DECnet was a protocol suite developed by Digital Equipment Corporation (DEC). DECnet was originally designed in 1975 to allow PDP-11 minicomputers to communicate with each other.
DECnet conforms to the Digital Network Architecture (DNA) developed by DEC, which maps to the seven-layer Open Systems Interconnection (OSI) reference model for networking protocols. DECnet is essentially a peer-to-peer networking protocol for all DEC networking environments. DECnet supports various media and link-layer technologies, including Ethernet, Token Ring, and Fiber Distributed Data Interface (FDDI). The current release of DECnet is called Phase V.
DECnet refers to a specific set of hardware and software networking products which implement the DIGITAL Network Architecture (DNA). The DIGITAL Network Architecture has a set of documents which define the network architecture in general, state the specifications for each layer of the architecture and describe the protocols which operate within each layer.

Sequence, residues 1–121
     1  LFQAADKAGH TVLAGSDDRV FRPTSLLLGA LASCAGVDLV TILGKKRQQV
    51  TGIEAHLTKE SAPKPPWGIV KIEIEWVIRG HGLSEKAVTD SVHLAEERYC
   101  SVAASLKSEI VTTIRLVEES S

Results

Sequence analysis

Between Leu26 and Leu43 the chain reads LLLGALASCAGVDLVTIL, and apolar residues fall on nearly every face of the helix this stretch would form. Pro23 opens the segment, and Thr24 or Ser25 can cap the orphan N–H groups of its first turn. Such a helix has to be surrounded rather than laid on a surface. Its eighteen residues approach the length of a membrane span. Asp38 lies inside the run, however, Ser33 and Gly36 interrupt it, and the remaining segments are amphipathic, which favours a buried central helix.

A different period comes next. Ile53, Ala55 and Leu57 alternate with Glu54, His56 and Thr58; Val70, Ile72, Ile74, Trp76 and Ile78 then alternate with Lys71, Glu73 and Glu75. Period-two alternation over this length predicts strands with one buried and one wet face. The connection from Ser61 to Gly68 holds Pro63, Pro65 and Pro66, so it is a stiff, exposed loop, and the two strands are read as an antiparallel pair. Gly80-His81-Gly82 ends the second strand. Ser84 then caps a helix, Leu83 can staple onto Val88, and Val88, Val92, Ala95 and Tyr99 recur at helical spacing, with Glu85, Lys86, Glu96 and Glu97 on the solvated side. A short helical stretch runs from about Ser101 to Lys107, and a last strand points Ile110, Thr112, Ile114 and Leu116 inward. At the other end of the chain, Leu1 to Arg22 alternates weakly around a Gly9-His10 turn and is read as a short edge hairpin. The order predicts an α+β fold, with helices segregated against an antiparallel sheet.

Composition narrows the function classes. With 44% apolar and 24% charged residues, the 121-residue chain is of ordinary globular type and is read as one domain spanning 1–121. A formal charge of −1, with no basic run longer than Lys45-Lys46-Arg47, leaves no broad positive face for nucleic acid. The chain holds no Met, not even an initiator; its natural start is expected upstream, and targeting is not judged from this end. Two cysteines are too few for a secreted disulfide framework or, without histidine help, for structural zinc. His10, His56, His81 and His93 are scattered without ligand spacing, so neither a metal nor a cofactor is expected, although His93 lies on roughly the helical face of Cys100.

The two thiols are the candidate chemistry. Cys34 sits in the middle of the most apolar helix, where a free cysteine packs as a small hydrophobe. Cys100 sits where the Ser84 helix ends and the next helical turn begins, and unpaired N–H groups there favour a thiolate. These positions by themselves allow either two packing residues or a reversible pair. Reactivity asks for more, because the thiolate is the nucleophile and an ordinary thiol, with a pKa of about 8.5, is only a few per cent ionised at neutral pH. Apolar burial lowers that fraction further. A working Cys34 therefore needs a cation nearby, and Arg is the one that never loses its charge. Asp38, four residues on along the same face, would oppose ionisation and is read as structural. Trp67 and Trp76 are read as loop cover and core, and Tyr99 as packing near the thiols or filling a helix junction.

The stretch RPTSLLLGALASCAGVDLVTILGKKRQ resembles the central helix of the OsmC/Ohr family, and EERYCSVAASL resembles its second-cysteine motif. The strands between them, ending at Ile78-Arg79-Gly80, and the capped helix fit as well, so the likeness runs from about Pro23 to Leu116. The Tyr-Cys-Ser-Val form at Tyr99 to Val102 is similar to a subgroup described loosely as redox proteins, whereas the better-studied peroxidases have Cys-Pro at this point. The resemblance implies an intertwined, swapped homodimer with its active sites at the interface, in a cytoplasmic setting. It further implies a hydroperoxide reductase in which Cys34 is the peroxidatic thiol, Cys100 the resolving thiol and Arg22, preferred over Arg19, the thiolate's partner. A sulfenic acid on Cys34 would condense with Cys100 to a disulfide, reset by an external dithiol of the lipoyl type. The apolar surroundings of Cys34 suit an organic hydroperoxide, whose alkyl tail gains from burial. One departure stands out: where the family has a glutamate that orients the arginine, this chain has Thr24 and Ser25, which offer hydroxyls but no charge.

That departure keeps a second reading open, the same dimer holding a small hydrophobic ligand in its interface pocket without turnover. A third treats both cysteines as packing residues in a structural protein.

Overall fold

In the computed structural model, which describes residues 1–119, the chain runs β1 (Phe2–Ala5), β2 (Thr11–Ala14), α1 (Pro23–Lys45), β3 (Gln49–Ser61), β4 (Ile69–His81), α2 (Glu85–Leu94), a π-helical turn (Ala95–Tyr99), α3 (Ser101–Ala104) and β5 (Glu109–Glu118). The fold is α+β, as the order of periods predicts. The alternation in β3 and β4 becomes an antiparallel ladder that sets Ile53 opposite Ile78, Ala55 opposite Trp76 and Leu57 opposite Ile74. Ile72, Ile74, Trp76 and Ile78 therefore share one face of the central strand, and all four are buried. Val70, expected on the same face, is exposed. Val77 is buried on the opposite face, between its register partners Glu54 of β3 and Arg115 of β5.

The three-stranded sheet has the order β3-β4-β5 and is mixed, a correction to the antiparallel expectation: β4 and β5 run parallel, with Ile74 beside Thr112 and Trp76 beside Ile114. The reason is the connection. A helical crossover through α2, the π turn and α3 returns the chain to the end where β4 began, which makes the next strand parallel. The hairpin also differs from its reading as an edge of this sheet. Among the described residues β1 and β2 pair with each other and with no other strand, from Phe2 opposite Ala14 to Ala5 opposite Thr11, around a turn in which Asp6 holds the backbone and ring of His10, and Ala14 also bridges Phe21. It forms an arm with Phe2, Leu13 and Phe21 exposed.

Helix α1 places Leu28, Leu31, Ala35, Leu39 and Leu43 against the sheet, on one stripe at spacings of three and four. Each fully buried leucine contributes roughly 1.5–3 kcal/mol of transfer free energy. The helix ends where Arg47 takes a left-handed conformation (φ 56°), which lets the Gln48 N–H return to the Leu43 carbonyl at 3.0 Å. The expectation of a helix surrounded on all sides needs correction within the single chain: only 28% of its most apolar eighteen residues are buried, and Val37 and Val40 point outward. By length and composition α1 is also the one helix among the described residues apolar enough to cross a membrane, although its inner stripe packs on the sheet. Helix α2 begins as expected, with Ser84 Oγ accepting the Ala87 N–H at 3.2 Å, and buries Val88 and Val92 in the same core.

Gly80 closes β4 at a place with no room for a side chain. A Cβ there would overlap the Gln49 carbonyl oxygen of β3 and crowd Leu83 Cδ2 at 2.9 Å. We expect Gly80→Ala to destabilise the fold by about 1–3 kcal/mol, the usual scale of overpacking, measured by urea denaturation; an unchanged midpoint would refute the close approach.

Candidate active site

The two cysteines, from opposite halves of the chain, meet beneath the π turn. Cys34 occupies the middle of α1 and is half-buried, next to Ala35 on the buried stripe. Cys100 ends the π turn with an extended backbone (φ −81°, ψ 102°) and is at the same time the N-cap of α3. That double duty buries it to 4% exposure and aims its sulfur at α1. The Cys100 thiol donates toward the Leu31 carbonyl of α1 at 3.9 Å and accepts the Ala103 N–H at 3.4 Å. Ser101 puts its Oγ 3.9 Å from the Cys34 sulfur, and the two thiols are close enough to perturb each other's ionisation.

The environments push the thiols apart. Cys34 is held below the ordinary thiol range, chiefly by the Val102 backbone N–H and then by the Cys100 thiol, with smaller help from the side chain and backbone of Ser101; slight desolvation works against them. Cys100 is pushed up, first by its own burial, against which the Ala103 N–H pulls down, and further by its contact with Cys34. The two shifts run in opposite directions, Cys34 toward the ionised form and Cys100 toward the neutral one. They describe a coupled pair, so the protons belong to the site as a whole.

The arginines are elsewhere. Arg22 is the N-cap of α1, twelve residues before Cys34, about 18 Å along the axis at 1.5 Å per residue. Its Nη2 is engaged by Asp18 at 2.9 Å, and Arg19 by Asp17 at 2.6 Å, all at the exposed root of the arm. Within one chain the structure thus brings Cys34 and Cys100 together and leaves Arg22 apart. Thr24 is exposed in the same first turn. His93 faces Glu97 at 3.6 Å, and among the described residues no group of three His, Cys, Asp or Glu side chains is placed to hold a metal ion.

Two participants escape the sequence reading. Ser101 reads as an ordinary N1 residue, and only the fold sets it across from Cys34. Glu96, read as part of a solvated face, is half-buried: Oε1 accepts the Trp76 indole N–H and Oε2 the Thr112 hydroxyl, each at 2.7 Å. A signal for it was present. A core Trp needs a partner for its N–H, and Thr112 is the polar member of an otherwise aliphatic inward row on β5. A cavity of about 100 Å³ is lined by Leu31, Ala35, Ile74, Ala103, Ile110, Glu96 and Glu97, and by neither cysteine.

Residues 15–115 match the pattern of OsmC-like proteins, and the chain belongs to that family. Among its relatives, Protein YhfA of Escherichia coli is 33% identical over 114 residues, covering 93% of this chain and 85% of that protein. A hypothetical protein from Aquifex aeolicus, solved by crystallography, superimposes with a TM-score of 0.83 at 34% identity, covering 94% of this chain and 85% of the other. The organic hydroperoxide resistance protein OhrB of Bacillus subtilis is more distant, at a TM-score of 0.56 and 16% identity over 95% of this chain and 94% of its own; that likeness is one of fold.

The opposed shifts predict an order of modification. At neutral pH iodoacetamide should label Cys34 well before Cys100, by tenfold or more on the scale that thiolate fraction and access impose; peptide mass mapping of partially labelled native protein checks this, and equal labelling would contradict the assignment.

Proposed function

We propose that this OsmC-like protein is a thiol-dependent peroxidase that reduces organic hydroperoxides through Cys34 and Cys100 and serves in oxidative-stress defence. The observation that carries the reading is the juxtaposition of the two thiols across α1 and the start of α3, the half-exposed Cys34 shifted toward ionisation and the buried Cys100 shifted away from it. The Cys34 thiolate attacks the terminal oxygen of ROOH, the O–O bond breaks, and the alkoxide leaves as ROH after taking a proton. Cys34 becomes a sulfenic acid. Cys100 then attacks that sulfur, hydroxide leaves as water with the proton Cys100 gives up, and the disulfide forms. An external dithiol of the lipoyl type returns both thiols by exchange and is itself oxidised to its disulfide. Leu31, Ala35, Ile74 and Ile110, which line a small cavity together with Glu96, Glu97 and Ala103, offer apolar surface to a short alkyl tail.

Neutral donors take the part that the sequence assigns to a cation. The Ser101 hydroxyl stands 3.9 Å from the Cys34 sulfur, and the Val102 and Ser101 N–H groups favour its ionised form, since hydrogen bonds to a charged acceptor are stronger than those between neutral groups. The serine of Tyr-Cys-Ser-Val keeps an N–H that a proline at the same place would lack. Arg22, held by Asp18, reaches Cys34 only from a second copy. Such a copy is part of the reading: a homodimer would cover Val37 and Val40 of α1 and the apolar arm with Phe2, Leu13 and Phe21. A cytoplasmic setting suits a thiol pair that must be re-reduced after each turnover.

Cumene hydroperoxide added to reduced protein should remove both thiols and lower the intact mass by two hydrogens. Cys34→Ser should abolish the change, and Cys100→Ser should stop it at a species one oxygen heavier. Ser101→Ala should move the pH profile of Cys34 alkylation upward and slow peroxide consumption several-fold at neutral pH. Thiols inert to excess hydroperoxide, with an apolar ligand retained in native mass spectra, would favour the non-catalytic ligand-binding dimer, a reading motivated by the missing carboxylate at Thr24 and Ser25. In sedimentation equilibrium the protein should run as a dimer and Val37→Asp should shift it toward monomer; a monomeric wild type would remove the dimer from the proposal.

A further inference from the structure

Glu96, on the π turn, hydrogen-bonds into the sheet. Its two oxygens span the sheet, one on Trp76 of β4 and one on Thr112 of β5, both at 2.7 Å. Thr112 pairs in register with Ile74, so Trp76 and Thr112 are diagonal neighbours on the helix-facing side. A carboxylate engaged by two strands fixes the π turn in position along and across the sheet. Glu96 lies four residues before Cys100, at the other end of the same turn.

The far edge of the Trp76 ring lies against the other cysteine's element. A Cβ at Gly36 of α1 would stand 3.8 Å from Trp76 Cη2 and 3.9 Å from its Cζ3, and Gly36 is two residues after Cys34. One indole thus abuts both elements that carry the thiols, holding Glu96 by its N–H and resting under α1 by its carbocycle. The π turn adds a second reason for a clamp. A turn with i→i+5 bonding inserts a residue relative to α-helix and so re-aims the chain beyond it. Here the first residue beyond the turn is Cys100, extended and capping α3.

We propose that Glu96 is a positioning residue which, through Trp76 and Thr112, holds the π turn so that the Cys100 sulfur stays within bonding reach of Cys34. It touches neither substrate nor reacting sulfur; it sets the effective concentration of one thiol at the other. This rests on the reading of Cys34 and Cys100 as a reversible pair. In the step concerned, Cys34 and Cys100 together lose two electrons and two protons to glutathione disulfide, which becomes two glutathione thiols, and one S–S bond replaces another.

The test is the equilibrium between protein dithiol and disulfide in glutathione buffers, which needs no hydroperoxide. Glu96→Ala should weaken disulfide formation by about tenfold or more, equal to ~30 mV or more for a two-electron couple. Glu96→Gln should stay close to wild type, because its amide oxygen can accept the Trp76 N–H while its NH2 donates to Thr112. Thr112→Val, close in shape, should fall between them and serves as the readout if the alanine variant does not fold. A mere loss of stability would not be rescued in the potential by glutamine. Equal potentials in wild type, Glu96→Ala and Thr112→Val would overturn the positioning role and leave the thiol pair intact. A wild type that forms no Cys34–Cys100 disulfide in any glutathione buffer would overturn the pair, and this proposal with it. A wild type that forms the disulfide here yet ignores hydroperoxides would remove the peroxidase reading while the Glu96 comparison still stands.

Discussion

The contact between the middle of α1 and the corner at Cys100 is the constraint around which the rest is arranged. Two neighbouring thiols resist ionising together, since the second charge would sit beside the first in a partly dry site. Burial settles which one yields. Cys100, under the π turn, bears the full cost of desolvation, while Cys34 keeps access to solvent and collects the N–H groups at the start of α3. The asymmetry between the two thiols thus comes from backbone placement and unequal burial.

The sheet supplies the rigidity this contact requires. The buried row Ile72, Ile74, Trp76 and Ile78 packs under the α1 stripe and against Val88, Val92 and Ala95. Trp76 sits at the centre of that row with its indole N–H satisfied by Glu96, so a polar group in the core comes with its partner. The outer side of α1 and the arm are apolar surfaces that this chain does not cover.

CCNET (Computer Center Network) was a DECnet network that connected the campuses of various universities in the eastern regions of the United States during the 1980s. A key benefit was the sharing of systems software developed by the operations staff at the various sites, all of which were using a variety of DEC computers. As of March 1983, it included Columbia University, Carnegie Mellon University, and Case Western Reserve University. By May 1986, New York University, Stevens Institute of Technology, Vassar College and Oberlin College had been added. Several other universities joined later.